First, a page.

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What does cross product of vectors actually mean?

  1. Jul 16, 2014 #1
    I understand that dot product of vectors means projecting one vector on to the other. But I don't understand what is the physical significance of a cross product? I have read that cross product gives the area of the parallelogram which has each of the vectors as its sides....but why do we want to find the area of the parallelogram?
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  3. Jul 16, 2014 #2
    It is a geometric construction that provides a vector perpendicular to two other vectors and that vector has length the area of the parallelogram. If you understand that, then you understand everything there is to know about cross products.

    I understand that you're looking for some kind of geometric meaning, but there isn't really one. It is just a construction that comes in handy in applications. So what you really want to know is how the cross product is used in applications.

    In my opinion, there is no natural significance of the cross product that is easy to understand. It is however very useful, but then you should check the specific uses.
  4. Jul 16, 2014 #3
    If you don't want to find the area of a parallelogram, then don't use the cross product...

    Math is math, it need not correspond to any physical situation. The math we study often does correspond to physical situations because that is the math we find useful. The physical significance of a mathematical operation is dependent on the physical situation we are modeling or describing with that math.

    Cross products are a kind of measure of "difference" between two vectors (in opposition to the dot product which is a measure of the "sameness" between two vectors). With a cross product the more perpendicular your two vectors are the higher your cross product's magnitude will be. If your two vectors are parallel this measure of "difference" will be zero. If they are completely perpendicular then this measure of "difference" will be the maximum, the product of the two vector's magnitude. It will also point in the direction that is furthest (in a sense) from the two vectors.

    One physical situation that is described by the cross product is when you have a torque. Your force vector is applied and there is lever vector to the rotation axis. The torque is the cross product of these two vectors. If your force is parallel with your lever, there will be no torque. If your force is perpendicular to the lever then your torque will be at a maximum. In between these two extremes the torque can be many different values. The torque is a quantity that is the "difference" between the lever arm vector and force vector. It is also the value of the area of a parallelogram that is formed by the two vectors of the force and lever.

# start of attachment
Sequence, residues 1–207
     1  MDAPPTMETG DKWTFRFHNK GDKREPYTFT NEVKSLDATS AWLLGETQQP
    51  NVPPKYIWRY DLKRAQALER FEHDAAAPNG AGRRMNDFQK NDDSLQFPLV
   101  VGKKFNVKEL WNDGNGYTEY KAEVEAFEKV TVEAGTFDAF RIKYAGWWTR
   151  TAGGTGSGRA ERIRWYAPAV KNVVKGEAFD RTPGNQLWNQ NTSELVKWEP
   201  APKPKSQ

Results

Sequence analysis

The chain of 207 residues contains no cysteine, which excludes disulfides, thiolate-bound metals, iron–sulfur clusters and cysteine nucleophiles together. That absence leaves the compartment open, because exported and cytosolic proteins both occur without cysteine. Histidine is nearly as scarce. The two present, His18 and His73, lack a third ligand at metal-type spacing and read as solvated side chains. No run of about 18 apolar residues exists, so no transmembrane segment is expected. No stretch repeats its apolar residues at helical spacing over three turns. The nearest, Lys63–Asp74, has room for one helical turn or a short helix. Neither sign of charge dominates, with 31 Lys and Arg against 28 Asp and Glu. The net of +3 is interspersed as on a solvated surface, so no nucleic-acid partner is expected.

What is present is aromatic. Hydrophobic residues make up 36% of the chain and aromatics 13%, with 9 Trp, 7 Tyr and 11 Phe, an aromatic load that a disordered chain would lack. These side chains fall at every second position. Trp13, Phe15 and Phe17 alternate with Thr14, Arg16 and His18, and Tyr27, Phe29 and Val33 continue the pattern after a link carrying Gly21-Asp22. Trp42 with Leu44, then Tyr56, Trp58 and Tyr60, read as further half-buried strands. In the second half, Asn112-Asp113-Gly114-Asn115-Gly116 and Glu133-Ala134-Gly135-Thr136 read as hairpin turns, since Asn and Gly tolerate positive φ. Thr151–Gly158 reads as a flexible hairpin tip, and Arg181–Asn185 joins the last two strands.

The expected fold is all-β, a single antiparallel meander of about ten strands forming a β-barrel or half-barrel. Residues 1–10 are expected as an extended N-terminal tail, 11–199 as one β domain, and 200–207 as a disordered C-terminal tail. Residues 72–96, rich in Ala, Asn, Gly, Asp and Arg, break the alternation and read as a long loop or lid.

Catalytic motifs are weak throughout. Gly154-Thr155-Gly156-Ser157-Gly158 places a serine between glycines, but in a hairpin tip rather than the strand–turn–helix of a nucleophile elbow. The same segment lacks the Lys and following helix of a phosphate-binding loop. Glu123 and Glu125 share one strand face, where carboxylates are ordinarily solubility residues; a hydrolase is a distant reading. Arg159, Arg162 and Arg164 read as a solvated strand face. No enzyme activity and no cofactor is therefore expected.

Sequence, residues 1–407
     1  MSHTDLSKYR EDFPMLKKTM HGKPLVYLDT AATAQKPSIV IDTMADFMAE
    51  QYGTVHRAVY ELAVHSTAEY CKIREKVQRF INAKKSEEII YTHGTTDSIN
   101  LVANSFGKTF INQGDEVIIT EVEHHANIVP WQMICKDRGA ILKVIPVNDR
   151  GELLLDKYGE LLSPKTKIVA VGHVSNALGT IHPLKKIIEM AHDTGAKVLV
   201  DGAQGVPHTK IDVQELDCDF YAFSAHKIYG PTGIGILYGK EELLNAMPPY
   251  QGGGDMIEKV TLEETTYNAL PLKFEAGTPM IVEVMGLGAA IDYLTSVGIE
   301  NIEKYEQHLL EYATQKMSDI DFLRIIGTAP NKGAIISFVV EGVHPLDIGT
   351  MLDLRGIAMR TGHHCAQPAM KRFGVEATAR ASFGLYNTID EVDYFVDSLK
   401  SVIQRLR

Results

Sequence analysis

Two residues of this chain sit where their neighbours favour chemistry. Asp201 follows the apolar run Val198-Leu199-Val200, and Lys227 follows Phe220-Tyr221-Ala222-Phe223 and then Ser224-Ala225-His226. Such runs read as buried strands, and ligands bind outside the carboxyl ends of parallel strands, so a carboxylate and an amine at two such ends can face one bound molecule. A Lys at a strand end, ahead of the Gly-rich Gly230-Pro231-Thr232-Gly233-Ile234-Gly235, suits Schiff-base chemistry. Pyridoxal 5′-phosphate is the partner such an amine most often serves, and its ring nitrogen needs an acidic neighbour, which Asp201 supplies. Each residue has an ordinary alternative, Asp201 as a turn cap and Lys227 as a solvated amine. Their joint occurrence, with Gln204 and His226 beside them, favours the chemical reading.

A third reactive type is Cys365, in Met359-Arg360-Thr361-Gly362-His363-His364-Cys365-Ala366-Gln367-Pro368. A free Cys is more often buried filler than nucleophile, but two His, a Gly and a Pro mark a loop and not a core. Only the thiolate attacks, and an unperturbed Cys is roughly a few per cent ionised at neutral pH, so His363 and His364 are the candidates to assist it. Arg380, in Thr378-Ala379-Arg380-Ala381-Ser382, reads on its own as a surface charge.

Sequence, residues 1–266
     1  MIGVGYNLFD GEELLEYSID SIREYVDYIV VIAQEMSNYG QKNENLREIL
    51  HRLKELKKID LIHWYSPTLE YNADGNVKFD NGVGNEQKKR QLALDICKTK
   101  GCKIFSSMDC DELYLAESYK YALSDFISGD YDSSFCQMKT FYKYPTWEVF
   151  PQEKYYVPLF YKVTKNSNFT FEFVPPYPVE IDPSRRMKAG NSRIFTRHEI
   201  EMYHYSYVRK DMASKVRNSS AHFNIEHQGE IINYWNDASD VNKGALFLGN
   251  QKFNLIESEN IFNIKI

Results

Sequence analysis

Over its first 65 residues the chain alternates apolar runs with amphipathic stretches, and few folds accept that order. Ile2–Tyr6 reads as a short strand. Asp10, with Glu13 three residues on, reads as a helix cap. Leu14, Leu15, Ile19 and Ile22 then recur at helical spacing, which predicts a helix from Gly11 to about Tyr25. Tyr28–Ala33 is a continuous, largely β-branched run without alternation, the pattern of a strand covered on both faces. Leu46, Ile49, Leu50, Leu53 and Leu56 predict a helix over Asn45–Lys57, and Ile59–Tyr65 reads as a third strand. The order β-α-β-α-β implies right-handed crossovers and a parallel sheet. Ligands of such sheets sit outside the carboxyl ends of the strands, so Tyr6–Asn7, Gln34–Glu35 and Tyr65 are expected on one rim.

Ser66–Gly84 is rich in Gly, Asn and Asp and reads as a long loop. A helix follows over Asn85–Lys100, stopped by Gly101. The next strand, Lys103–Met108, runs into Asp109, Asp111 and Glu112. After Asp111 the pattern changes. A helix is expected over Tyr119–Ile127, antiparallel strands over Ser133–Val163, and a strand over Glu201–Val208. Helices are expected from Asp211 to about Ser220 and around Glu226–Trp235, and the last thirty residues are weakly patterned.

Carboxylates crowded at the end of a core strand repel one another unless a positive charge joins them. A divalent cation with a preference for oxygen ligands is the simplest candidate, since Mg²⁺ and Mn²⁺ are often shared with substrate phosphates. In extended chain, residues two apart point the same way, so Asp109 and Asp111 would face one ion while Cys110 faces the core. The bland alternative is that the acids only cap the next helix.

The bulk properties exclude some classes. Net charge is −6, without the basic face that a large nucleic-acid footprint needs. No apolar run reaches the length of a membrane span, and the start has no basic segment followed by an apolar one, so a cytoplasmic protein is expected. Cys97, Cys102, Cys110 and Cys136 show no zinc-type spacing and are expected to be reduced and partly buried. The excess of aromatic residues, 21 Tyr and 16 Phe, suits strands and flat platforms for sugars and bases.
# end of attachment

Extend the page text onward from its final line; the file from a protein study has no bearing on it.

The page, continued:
5. Jul 16, 2014 #4


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    The magnitude of the cross product of two vectors could be interpreted as a measure of the "linear independence" of the two vectors.

    In many physical situations, the cross product is an indication that...
    [abstractly] you are dealing with a more complicated "directed quantity" (www.google.com/search?q=cross+product+differential+form) than merely a typical [polar] vector.

    some possibly useful links:
    http://www.math.oregonstate.edu/bridge/mathml/dot+cross.xhtml (with applets)

  6. Jul 17, 2014 #5


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    Divergence, curl, grad, line integrals,...
    Read this pdf from Cornell, the medical part of it all places one would think; dot product and cross product relate to the determination of and manipulation of a few physical calculations.

    While you have probable learned matrix multiplication and other matrix manipulations, such as determinants, and thought what is this all good for, it all ties together with dot and cross product with the use of, and is part of calculus.

  7. Jul 17, 2014 #6
    While dot product could be viewed as "how much a vector is parallell to another vector", the cross product could be viewed "how much a vector is perpendicular to another vector". To me it is easiest to understand it physically by looking at Torque. With torque you can really see that "the more perpendicular" the force is applied to a lever (and the axis of rotation), the more torque (the larger cross product magnitude) you will have. If you would apply force completely "unperpendicular" (i.e. parallell) you would have zero torque (so the cross product will be zero). Hope this helps.
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